DARPA’s SideArm Flexes its Muscle in Demo | Turkey’s Roketsan Kicks off G2G Missile Development | Taiwan Moving Ahead with $2.19B Adv Jet Trainer PlanFeb 08, 2017 00:58 UTC
- Plans to purchase three batteries of the KBP Pantsir-S1 self-propelled air defence system from Russia have been abandoned by Brazil. While no official explanation for the ditching has been given by the government, it has been reported that technical issues, pricing, and the current leadership change in Brazil have all been factors. It was initially expected that each Brazilian military service was to receive one battery.
- The US Defense Advanced Research Projects Agency (DARPA) has announced the recent demonstration of the SideArm device as part of the Tern program. Conducted by Aurora Flight Sciences last December, the SideArm was used to catch a Lockheed Martin Fury unmanned aircraft system weighing 400 pounds. While DARPA aimed to create a device capable of catching 900-pound craft, the system was able to recover 1,100-pound targets.
Middle East & North Africa
- Turkey’s Undersecretariat for Defense Industries (SSM) has announced that the state-controlled missile-maker Roketsan is developing a long-range ground-to-ground missile and weapons system. Dubbed Project Bora, the agency said the end goal of the program is to earn capabilities to design, perform qualification and progress into serial production of the Bora system. Analysts believe that Ankara eventually aims to produce ground-to-ground missiles capable of striking targets at up to 1,000 kilometres.
- A judicial review of UK arms sales to Saudi Arabia began yesterday as evidence suggests that the weapons could be used to illegally kill civilians in Yemen. The action, brought by the UK-based group Campaign Against the Arms Trade (CAAT), will claim that the indiscriminate nature of the airstrikes by Saudi Arabia in Yemen means there is a significant risk that British arms are being used in strikes that break international humanitarian law. Since the beginning of the Saudi-led intervention in Yemen in March 2015, UK government ministers have granted export lisences for more than $4.08 billion of aircraft, munitions and other equipment to the kingdom.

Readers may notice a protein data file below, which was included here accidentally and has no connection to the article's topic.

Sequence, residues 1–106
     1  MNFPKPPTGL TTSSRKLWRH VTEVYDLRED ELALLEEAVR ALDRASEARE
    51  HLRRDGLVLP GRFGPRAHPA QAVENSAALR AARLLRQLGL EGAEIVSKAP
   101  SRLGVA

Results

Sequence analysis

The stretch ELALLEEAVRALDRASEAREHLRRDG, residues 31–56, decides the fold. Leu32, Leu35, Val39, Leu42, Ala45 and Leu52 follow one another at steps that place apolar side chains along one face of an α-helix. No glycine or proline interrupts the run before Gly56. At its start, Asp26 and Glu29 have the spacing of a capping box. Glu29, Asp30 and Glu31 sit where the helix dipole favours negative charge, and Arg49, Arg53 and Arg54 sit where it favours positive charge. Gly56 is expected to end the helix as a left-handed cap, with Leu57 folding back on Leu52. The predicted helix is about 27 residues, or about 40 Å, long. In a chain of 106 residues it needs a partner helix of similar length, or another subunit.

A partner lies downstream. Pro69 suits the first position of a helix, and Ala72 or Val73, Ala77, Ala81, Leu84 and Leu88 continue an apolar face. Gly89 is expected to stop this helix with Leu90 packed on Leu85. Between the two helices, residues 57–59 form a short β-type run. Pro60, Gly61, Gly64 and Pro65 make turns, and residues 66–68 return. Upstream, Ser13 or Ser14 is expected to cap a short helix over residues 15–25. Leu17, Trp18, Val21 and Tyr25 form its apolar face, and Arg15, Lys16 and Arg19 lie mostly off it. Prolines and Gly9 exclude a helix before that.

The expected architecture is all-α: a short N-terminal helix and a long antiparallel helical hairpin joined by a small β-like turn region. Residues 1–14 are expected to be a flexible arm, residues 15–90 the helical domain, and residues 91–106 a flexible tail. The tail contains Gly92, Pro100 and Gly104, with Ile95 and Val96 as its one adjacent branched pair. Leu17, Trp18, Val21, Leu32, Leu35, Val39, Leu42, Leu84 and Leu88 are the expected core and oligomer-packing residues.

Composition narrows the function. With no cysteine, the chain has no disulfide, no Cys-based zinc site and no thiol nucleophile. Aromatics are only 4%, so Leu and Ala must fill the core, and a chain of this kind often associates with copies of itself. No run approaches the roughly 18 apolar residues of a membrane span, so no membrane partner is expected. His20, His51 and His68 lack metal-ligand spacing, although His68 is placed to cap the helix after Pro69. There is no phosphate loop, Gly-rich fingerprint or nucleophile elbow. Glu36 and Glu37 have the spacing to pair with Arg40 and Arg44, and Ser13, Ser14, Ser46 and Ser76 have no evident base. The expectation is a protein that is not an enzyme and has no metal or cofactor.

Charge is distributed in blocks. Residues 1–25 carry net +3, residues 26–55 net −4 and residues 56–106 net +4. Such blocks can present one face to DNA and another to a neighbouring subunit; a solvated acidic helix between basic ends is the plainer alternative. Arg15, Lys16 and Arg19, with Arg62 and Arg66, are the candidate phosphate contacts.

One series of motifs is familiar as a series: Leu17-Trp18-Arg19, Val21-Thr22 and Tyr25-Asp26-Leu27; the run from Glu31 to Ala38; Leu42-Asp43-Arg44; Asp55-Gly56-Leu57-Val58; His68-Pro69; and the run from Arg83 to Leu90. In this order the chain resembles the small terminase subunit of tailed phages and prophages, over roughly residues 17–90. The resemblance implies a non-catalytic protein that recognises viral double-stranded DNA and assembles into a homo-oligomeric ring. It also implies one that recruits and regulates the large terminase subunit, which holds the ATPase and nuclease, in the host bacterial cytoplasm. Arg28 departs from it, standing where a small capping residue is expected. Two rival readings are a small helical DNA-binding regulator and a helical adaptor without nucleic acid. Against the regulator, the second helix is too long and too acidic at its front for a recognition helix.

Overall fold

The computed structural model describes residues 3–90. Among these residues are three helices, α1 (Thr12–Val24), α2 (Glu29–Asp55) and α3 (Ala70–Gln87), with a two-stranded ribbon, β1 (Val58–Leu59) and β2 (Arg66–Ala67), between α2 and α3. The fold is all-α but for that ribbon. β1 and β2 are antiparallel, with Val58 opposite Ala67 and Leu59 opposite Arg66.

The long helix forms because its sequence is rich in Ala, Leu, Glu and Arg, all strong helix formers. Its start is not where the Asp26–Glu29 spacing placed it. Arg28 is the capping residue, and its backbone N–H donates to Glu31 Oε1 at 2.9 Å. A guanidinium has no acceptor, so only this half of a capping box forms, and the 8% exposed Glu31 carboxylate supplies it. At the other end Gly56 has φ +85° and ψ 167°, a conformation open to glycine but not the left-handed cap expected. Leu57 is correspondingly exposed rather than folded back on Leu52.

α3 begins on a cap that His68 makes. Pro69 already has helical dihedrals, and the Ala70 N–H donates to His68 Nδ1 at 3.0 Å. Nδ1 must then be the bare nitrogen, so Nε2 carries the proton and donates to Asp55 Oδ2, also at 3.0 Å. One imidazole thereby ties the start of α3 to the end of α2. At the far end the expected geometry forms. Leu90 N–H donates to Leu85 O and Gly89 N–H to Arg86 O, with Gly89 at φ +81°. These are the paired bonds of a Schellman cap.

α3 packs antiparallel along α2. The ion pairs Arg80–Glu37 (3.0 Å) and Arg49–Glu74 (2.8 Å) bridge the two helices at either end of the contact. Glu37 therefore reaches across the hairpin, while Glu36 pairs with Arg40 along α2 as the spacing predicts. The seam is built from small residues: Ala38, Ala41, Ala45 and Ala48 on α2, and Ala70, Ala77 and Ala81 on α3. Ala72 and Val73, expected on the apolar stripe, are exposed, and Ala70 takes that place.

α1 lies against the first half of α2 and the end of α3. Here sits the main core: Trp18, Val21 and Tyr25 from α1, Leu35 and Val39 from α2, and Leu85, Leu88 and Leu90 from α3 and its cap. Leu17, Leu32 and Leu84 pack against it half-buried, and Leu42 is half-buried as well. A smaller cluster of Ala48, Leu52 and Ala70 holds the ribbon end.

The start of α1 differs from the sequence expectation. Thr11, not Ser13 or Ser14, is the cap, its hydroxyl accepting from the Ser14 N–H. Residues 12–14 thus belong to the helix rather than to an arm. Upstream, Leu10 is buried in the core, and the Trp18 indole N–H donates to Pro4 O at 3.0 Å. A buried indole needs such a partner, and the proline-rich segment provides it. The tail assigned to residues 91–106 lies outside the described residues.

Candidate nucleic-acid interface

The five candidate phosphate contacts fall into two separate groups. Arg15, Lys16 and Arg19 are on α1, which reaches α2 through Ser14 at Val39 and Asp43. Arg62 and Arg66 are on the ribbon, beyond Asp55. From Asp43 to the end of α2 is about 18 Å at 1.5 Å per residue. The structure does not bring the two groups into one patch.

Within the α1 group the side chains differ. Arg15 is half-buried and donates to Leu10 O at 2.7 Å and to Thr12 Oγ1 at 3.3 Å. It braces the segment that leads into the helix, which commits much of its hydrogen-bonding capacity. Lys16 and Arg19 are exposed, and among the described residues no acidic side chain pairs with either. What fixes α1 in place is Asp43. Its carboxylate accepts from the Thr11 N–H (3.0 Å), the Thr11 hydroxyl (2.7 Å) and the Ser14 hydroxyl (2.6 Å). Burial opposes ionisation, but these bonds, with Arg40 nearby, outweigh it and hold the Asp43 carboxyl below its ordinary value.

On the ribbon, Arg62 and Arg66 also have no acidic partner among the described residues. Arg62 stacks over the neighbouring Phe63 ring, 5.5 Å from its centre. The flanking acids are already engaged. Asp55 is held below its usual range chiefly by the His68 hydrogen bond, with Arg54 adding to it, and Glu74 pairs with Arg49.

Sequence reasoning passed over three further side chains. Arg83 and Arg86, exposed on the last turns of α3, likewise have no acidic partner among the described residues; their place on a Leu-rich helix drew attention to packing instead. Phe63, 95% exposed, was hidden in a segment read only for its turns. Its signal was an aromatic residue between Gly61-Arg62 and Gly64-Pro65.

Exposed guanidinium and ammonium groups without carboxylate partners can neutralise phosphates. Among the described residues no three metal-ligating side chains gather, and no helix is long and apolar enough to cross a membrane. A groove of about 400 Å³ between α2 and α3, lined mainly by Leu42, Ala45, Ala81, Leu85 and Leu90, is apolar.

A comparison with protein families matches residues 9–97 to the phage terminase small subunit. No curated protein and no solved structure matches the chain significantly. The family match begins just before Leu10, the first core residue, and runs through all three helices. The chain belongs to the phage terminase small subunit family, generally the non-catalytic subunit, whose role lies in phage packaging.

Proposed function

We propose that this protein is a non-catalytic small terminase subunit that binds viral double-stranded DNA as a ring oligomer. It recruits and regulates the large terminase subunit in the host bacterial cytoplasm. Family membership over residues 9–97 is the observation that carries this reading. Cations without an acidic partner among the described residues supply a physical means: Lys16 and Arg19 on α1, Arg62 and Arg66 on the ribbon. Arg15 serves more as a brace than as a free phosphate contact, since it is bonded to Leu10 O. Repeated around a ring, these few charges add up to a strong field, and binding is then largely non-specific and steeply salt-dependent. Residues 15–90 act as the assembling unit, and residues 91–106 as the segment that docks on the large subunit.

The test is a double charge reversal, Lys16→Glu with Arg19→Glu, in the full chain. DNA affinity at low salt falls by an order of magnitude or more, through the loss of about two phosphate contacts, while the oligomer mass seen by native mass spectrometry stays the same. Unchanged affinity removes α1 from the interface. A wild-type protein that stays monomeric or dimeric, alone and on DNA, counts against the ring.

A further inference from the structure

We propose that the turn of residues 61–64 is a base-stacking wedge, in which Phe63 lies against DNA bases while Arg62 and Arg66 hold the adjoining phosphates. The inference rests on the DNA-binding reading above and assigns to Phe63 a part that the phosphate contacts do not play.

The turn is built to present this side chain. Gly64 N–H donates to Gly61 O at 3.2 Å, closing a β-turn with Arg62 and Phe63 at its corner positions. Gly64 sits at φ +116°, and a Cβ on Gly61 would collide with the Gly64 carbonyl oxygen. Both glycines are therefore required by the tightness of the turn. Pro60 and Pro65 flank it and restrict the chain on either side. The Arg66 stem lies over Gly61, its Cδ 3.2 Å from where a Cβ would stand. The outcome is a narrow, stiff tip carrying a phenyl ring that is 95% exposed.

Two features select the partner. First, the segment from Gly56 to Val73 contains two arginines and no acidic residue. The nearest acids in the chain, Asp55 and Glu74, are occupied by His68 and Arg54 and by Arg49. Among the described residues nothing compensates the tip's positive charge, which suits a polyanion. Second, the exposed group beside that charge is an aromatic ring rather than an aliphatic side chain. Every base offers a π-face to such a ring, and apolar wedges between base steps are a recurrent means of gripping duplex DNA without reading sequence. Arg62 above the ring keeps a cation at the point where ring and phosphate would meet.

- The German government is reportedly in talks with several countries on a plan to jointly operate a large number of the 13 Airbus A400M military transport planes it had planned to sell. Berlin had initially planned to buy 60 of the aircraft, but later lowered the number to 53. In 2011, the German parliament then approved a plan under which 13 of those aircraft would be sold to other countries to save money. Countries believed to be part of the aircraft pooling include Switzerland and the Czech Republic.
- Taiwan is moving ahead with a $2.19 billion plan to develop 66 advanced jet trainers with an aim to have them delivered by 2026. The move is the most significant jet development program for the island since the Indigenous Defence Fighter (IDFs) developed in the 1990s. Furthermore, Taipei is planning upgrades to their indigenous anti-ship and air-to-air missile arsenal, with a focus on increasing their range and payloads.
- Australia has ordered a number of the S-100 unmanned air system from manufacturer Schiebel Group. The contract will see the company provide three years of logistics support for Australia’s navy. Designed for both civilian and military purposes, the military version is used for maritime surveillance and is the only UAV in its class that is capable of carrying multiple sensors simultaneously.
- BAE Systems Australia and Sea Box International have been contracted by the Australian defense ministry to competitively develop prototype ammunition load carriers. The award will mandate each company to design and engineer prototype Unit Load Carriers as part of a project aimed at improving operational use and handling of 155mm artillery ammunition used by ground troops. The combined valued of both contracts amounts to $2.87 million.
- The Tactically Enhanced Reconnaissance Node (Tern) SideArm UAV launch and recovery system: